The Flu and You
Originally published in the Inverness Oran and the Port Hawkesbury Reporter Winter 2015
It’s easy to feel vulnerable and powerless to the influenza virus that is known to cause severe illness and even death in the small population of highly vulnerable. It is a virulent (strong) infection. No one wants to get it. Vaccination provides protection but is never a sure bet you won’t get the flu. This is unfortunately especially true this year with a very low match between the vaccine and the active variants of the flu virus people are getting sick with.
There are things you can do to protect yourself and decrease the severity of a bout of influenza should be unfortunate and get an active case of it. Like any infection - colds, urinary tract infections, yeast infections, stomach flus - there are factors that affect each person’s risk. They include how strong the bug is, how much of the bug your immune system comes into contact with, how strong your immune system is, and how well nourished you are. Many of us can control two or three of these 4 factors.
So what can you do about the flu?
Your first and most important ally to keeping the flu at bay is the mucus membranes of your upper respiratory tract. Your respiratory tract is in fact continuous with your gastrointestinal tract so what you eat matters - a lot. Hand washing, avoiding touching your face, eyes and nose when out in public is crucial to decreasing how much virus your immune system has to deal with. You can add nasal rinses or use the netty pot to decrease any colonization of the virus in your body’s first line of defence - your nasal and upper throat mucosal tissues. Strengthening your immune system can be achieved through the same lifestyle habits that keep us healthy generally. They include daily exercise, avoiding processed food, being well hydrated, eating 8 servings of vegetables and 2-3 servings of fruit daily and getting fresh air (no matter how cold it is!).
In addition, these points are very important:
- Absolutely NO refined sugar during times of flu exposure and if you really want to avoid it then no refined sugar period and have approximately 3 servings of fruit daily.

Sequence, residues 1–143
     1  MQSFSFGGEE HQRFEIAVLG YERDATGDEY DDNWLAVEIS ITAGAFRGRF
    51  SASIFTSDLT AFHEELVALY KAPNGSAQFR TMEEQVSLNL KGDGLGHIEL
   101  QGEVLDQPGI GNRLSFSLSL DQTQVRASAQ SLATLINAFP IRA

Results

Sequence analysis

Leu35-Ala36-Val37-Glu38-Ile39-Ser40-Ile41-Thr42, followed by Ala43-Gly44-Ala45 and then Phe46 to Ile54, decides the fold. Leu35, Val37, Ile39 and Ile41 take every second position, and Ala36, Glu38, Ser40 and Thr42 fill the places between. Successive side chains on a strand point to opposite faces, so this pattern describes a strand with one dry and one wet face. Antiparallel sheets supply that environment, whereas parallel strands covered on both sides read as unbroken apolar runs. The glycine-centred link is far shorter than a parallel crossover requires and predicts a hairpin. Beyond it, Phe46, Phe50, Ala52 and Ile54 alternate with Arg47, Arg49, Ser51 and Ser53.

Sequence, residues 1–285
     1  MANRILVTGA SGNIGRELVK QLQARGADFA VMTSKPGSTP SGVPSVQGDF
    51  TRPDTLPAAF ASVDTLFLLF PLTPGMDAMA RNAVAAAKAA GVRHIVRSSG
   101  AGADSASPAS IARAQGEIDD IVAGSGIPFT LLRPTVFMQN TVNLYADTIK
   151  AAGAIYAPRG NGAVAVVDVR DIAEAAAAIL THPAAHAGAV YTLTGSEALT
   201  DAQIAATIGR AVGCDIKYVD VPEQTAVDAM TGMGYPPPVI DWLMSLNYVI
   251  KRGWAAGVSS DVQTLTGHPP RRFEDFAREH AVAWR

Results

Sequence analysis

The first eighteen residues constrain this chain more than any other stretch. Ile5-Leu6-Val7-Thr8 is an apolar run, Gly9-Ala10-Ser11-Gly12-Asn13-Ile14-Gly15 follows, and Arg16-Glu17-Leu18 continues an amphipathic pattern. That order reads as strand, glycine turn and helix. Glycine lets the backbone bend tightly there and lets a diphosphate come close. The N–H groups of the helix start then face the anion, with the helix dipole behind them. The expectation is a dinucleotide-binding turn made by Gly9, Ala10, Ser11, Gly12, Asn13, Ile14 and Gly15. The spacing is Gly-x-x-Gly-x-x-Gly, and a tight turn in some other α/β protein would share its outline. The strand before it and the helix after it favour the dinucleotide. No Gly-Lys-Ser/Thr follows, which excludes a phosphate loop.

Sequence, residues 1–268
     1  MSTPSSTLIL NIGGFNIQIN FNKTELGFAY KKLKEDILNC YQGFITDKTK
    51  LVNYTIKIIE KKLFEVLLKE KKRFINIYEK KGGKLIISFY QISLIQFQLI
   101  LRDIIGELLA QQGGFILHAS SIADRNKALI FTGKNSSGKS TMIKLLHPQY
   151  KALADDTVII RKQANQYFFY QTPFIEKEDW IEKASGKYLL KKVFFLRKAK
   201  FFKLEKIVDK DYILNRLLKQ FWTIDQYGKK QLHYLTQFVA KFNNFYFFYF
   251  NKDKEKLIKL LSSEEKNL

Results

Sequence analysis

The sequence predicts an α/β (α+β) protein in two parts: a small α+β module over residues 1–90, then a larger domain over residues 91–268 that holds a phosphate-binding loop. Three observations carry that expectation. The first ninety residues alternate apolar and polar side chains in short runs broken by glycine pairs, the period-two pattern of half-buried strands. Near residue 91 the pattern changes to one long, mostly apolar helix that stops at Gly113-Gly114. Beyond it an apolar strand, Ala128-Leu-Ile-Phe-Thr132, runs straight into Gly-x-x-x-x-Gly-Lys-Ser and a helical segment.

- Keep nice and warm all the time especially keeping the back of the neck and kidney area protected and warm(wrap up your kidneys with a scarf or heat them with a hot water bottle and it will give you a great boost of heat).
- Have a hot epsom salt bath if you have even the slightest feeling of getting sick, and as often as you like to keep your body temperature up (without over heating) which really helps fight infection.
- Avoid dairy which clogs up mucus membranes, often making them inflamed and weakened.
- Avoid any foods which you know aggravate your digestion and elimination - weakened digestion equals weakened immunity.
- Ensure lots of protein rich warm foods like chicken soup or beef stew - your immune system runs on protein so you’d better have lots of it to keep the flu at bay.
- Eat lots and lots and lots of Vitamin A rich foods - squash, canned pumpkin, carrots, sweet potato, swiss chard, kale, collards for examples. Cook them well and enjoy.
- Make ginger (one of my favorite medicines), garlic and onions a part of your day, everyday. Try and eat 2 cloves of garlic a day and 1 onion a day if you know you’re susceptible to getting sick.
- Don’t let your nose and mouth get dried out with all the heat that is on during the winter. Have a humidifier on and drink lots of water.
- Get lots of sleep - winter is meant for extra sleep so take advantage of the long nights to rest up.
- Stress decreases your immunity by elevating cortisol and taking energy away from your front lines. Practice 10 (or many more!) deep breaths 3 times per day to relax your nervous system and strengthen your immune system.
- Talk to your health care provider about safe and effective supplementation for vitamin D which shows promise in research to decrease the incidence of the flu especially in some populations.
- Avoid the use of NSAIDS like acetaminophen, ibuprofen, ASA, (tylenol, Advil, aspirin) as they increase the spread of influenza and suppress fever which, after your mucus membranes, is your greatest tool to fight infection. Always check with your health care provider if you are unsure how to manage or have questions about fever.
- Always go to the hospital if you are sick and are having trouble breathing.
There’s a lot you can do to take control of risk factors for getting sick and even though influenza is a nasty mean virus that can pack a rough punch take initiative and do what youcan to stay healthy and decrease the severity of the flu if you do get it. Remember to stay home in bed and take good care of yourself if you do get sick.